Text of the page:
Inmates in some correctional manufacturing programs are switching gears from building furniture and other items to making masks during the coronavirus pandemic.
Some inmates participating in the programs run by Maryland Correctional Enterprises at a handful of state prisons are now making personal protective equipment (PPE) rather than the typical products manufactured behind the walls.
From The Baltimore Sun:
To date, about 75 inmates have made more than 24,000 cloth masks, 18,000 plastic face shields, 4,000 bottles of hand sanitizer and 1,900 protective gowns ― all items that have been in short supply and are needed to slow the spread of the pandemic.
The inmates ― who volunteer for the jobs and receive “good time” credits that accrue toward their early release and a small amount of hourly pay ― have produced enough masks and face shields to outfit each of the more than 4,000 correctional officers in the system. Additional supplies are going to protect the inmates themselves from the spread of the disease, and then inmate-produced gear will go to other state agencies, [Robert] Green [secretary of the Maryland Department of Public Safety and Correctional Services] said.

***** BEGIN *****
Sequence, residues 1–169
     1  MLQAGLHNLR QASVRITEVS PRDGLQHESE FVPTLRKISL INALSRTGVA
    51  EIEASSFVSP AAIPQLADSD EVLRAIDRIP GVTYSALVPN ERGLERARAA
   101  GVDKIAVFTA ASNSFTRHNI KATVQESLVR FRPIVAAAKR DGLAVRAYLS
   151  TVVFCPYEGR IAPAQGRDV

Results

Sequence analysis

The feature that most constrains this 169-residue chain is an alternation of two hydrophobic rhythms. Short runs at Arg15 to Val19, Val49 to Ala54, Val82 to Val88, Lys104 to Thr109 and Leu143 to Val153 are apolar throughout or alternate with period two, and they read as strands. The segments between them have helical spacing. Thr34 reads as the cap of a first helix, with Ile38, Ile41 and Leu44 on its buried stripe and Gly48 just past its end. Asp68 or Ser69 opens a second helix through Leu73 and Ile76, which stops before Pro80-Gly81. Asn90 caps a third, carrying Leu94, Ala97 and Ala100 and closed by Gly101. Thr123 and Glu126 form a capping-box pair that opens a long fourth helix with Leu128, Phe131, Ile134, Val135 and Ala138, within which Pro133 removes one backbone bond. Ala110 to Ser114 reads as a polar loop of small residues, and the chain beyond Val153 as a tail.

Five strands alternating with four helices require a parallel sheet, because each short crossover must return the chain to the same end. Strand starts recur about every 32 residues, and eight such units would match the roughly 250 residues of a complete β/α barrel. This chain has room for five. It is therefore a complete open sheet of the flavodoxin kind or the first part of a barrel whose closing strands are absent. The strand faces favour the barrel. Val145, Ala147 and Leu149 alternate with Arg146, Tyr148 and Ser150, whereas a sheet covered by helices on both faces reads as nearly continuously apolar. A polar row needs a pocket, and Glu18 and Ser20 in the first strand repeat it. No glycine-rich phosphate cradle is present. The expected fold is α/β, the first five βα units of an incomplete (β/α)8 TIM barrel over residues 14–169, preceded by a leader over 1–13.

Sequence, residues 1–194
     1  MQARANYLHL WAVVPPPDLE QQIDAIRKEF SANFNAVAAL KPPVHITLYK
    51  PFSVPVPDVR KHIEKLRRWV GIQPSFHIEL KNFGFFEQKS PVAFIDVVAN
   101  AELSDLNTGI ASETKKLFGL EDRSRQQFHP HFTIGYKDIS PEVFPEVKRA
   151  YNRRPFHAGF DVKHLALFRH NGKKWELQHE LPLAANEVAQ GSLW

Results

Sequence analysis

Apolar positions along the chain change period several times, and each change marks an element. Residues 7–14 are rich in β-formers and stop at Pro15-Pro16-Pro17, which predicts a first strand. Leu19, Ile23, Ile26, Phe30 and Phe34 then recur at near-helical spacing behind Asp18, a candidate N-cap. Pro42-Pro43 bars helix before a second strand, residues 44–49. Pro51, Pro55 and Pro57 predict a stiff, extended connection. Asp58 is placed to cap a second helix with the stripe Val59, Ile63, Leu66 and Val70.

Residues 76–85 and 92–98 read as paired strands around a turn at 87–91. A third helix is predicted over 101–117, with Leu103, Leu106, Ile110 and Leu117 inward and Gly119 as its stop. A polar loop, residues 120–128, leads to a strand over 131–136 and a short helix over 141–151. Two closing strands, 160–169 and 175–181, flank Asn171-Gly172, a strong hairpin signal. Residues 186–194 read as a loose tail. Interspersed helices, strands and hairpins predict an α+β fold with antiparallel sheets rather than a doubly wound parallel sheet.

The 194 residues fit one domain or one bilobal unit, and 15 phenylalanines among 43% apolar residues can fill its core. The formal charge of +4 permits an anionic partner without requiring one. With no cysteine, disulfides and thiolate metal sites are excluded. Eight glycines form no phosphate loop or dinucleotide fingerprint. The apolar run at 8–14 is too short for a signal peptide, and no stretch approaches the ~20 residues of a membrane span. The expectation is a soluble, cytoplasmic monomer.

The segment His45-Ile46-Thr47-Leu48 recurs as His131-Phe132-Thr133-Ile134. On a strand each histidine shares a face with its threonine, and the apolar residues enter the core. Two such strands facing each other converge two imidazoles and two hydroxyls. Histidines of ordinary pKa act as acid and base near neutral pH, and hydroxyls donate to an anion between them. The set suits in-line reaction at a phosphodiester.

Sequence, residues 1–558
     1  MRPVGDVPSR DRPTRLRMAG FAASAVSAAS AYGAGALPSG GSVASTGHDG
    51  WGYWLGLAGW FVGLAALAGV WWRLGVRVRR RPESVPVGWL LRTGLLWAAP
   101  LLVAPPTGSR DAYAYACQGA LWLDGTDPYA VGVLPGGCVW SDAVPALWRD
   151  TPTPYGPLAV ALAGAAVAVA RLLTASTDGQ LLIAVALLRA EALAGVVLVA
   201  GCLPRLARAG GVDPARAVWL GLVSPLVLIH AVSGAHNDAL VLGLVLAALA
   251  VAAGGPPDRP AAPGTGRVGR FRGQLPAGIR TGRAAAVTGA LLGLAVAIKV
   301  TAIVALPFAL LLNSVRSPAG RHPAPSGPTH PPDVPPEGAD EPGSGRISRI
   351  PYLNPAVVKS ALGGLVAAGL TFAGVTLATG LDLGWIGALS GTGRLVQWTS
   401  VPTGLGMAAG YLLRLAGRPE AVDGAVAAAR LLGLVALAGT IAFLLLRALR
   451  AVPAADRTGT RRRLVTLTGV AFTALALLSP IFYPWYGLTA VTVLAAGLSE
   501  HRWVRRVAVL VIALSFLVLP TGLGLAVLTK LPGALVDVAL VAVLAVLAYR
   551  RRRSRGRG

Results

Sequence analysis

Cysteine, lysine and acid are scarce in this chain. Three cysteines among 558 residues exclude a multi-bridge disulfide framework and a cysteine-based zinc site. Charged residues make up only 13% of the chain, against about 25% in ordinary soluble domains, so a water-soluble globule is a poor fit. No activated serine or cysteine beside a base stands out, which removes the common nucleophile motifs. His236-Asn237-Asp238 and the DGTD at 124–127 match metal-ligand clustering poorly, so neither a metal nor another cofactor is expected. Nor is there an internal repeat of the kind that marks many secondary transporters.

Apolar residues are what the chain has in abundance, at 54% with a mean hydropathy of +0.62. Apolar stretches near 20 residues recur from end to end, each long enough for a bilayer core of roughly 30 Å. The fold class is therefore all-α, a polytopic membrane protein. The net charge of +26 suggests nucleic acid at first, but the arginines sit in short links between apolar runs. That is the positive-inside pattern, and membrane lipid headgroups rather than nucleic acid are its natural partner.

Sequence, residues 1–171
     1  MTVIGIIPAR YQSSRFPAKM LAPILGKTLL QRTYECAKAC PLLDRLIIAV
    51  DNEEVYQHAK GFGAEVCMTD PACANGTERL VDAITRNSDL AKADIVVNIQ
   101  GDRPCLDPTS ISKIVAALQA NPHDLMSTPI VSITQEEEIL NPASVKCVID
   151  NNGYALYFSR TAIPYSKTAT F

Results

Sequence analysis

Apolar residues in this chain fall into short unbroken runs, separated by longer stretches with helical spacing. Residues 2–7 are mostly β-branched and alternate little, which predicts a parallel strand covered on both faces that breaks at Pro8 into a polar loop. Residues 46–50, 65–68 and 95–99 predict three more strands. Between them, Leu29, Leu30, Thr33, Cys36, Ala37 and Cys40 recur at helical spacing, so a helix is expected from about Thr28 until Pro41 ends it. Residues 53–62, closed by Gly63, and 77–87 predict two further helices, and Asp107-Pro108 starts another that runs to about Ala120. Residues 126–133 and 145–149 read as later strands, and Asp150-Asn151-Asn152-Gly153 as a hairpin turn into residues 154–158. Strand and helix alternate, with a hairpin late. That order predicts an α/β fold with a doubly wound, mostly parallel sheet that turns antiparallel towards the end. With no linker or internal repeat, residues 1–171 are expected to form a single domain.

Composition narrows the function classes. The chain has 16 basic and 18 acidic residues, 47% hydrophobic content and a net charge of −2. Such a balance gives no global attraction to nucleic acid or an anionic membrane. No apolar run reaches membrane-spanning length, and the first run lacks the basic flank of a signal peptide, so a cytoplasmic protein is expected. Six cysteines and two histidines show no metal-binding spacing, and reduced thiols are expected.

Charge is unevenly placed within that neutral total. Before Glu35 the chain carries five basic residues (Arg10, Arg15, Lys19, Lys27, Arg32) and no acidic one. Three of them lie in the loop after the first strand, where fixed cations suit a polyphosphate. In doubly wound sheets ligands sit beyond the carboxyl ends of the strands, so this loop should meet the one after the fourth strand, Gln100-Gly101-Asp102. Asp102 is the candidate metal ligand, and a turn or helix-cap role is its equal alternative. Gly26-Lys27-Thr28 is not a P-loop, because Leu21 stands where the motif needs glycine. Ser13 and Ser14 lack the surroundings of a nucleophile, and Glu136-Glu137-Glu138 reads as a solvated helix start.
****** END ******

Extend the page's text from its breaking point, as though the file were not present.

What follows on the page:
The article notes that the inmates who are usually paid between 17 cents to $1.16 per hour are receiving emergency bonus pay for their work.
For more information:
As coronavirus spreads in Maryland prisons, a small team of inmates makes 24,000 masks, other protective gear (The Baltimore Sun)